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Breathing Tips For Runners

Should I breath through my nose or mouth?

When you’re running you should be breathing in and out through your mouth. Your mouth is the most effective way of getting enough oxygen into your body and expelling waste. To make the most of your breathing you should avoid ‘chest breathing’ and focus more on diaphragmatic breathing.

What is chest breathing?

Chest breathing is seen as the weakest breath to take whilst out on the run as it is too shallow to bring in maximum oxygen. Your breathing should be more diaphragmatic – so the breath extends down into your stomach, with the chest remaining relatively still.

Focus on making the necessary corrections to diaphragmatic breathing next time you run, it is the best way of avoiding shortness of breath and stitches.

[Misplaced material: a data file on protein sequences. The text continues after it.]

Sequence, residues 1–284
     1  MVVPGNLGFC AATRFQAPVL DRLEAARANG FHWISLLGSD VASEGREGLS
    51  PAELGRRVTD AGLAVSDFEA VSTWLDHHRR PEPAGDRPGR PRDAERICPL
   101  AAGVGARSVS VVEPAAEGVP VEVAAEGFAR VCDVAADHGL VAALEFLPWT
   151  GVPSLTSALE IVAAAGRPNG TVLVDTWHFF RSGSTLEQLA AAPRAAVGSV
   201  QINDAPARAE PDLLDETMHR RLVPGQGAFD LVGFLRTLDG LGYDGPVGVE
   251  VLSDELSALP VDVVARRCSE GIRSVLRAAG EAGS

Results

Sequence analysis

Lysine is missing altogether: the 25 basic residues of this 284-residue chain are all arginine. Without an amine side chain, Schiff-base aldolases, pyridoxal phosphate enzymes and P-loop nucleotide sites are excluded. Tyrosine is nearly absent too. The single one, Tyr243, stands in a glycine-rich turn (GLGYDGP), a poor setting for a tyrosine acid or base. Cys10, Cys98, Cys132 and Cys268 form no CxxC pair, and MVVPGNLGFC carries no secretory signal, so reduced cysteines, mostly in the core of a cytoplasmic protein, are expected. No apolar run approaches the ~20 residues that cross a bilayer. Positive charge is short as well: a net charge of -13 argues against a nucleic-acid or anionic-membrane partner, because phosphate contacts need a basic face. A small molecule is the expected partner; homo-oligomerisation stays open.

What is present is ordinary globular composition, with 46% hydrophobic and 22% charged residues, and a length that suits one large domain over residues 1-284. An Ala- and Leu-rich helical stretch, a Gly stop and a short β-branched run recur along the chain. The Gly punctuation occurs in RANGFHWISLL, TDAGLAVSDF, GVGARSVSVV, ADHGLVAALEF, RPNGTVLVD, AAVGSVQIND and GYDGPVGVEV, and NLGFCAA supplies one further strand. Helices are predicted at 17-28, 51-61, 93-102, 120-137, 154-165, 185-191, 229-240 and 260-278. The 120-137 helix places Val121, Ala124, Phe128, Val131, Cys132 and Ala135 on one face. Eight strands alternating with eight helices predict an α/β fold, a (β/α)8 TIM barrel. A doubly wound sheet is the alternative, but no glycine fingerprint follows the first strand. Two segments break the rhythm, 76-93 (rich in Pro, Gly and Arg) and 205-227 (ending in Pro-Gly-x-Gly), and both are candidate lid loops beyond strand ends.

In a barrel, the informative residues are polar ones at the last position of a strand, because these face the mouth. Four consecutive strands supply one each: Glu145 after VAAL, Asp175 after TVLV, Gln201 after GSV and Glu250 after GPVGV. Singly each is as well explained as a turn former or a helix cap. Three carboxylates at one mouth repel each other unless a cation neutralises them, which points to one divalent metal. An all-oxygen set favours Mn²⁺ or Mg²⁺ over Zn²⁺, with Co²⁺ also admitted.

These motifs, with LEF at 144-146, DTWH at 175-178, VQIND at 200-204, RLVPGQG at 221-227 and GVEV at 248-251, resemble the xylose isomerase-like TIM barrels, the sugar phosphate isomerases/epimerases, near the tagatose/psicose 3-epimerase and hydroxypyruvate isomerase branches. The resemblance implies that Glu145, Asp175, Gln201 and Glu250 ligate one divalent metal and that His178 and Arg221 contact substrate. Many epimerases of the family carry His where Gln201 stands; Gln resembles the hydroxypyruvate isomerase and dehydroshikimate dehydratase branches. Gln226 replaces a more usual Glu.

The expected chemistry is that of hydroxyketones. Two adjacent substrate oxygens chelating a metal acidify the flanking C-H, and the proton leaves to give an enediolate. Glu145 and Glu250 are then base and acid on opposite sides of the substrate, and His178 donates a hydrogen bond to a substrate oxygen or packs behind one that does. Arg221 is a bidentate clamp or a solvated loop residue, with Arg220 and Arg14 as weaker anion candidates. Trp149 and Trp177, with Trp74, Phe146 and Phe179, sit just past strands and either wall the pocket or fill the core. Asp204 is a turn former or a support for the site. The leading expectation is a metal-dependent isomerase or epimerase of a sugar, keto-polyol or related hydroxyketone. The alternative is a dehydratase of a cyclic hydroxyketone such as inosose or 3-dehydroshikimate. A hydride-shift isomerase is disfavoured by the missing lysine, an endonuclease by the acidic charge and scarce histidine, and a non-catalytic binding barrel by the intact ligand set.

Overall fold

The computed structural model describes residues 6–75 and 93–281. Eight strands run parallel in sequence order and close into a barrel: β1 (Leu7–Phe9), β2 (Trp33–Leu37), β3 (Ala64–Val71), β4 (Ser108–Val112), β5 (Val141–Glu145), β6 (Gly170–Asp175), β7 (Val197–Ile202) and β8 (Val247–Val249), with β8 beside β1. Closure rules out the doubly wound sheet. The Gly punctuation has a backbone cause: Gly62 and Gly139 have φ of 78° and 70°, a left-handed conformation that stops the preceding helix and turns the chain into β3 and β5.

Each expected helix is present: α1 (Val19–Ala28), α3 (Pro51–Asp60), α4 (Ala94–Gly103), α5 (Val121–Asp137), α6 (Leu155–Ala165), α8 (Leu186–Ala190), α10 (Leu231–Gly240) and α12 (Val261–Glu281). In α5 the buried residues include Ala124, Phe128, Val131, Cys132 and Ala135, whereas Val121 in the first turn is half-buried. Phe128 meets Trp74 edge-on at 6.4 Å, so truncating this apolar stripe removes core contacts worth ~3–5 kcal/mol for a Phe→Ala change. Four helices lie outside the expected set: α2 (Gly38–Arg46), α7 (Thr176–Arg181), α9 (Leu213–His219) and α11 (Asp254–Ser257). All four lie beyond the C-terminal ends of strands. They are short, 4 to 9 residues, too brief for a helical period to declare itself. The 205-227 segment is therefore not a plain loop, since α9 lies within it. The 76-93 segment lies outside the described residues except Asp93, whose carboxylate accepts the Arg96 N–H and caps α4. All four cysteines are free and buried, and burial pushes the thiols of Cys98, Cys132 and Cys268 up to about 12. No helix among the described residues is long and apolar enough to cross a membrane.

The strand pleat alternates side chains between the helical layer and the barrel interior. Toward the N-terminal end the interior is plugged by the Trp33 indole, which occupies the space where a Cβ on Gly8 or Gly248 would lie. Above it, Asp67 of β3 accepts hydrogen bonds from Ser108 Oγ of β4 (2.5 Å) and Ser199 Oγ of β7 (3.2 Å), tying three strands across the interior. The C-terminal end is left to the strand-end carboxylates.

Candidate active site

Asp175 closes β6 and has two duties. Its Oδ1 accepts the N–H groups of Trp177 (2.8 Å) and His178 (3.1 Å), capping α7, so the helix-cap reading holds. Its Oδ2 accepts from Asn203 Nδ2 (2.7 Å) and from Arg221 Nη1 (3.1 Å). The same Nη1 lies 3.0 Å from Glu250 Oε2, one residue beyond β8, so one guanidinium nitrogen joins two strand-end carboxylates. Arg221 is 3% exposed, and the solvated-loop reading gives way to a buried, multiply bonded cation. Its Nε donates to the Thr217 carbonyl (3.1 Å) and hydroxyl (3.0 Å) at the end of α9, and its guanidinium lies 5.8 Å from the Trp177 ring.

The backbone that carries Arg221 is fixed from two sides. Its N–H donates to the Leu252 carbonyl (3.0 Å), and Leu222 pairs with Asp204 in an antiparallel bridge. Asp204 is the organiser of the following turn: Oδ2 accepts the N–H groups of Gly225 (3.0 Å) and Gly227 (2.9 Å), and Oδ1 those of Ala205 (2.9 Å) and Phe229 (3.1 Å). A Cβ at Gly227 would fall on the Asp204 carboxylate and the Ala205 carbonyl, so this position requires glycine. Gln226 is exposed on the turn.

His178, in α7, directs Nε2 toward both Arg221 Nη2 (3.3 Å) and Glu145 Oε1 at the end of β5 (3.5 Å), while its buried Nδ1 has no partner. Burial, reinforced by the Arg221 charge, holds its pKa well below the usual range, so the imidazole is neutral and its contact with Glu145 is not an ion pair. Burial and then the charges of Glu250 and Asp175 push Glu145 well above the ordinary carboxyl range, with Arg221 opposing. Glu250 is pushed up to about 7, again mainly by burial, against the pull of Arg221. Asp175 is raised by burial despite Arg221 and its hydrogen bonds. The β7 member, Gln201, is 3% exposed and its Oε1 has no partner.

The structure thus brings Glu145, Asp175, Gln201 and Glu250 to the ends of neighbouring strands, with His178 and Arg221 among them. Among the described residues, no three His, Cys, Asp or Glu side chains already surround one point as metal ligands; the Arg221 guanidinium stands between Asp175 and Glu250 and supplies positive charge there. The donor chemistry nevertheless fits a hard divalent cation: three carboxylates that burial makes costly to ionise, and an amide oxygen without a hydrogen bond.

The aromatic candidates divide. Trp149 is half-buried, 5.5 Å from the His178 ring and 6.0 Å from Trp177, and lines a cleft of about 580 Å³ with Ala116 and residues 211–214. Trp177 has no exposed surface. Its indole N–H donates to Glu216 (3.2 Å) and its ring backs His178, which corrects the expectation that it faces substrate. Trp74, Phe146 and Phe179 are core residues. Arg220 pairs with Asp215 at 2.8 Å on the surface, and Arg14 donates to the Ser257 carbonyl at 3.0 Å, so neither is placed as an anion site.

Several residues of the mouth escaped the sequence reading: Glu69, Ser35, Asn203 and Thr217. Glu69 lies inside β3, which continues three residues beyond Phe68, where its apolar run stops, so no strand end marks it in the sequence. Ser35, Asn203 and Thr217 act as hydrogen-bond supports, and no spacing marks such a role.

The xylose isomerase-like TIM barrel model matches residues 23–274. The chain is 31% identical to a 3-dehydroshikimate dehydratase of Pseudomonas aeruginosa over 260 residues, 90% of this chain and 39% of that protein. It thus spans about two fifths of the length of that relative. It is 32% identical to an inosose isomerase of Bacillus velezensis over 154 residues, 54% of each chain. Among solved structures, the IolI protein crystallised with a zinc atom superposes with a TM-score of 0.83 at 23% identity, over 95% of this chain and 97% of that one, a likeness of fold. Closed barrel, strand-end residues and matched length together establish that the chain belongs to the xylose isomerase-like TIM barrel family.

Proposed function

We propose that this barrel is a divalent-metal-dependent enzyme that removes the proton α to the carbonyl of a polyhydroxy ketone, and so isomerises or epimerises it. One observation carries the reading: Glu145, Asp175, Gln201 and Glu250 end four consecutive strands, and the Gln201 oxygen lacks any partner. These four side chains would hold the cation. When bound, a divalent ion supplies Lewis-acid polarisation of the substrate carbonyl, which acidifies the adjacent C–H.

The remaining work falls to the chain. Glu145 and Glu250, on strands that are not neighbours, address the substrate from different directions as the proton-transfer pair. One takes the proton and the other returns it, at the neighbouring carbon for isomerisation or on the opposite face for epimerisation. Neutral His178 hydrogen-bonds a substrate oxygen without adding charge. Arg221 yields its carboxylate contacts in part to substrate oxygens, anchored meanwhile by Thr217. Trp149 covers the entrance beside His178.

Can I train my breathing muscles?

The muscles we use to breath can be improved just as any other muscle can - through exercise. There are recommended exercises you can do at home to improve the efficiency of your intercostal muscles: laying on your back on the floor and breathing deep controlled breaths into your belly is a good start. Once you have mastered this, you can move on to Pilates or Yoga to stretch out the intercostal muscles and lengthen the spine, improving running and breathing.

How do I time my breathing?

There is no set rhythm you should be following. Your exact rhythm will depend on how hard or easy you run. A general rule of thumb is 2:2; this means you take two steps while breathing in and another two steps whilst exhaling. Increase or decrease the ratio depending on your level of intensity.

For those preparing for running events in the near future, mastering breathing techniques will ensure your body is able to perform at a higher level during all kinds of running events.  


11th January 2018, 11:18
Page updated 11th Jan 2018, 11:18
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